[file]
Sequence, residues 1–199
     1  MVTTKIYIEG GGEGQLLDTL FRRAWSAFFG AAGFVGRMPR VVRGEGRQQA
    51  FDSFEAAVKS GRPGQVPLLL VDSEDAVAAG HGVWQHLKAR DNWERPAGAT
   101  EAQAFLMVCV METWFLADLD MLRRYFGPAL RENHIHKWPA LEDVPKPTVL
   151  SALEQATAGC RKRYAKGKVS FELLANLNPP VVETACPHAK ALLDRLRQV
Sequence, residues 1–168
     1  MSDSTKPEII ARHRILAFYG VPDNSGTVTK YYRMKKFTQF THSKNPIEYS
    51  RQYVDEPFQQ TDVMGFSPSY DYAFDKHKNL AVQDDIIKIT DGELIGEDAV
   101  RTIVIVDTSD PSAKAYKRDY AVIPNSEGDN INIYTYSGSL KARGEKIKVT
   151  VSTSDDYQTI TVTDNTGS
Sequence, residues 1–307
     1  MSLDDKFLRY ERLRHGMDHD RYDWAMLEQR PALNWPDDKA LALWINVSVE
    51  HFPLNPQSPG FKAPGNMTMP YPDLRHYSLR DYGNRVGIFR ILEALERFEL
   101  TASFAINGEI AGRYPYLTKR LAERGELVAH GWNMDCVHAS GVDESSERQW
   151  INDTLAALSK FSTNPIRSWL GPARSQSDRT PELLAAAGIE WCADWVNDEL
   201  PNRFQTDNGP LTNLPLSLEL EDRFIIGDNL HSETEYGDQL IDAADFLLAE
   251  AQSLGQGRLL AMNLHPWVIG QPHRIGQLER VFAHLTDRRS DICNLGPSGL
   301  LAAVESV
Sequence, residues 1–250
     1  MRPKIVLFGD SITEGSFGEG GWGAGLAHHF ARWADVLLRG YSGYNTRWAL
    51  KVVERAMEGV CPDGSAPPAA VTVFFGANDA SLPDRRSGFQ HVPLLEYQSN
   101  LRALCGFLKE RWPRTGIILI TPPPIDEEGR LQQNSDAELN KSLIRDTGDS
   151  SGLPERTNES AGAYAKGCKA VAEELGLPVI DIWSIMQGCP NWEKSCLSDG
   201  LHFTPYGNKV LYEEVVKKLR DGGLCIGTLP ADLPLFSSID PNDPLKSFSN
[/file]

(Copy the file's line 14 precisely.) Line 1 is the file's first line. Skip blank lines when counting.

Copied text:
   101  TASFAINGEI AGRYPYLTKR LAERGELVAH GWNMDCVHAS GVDESSERQW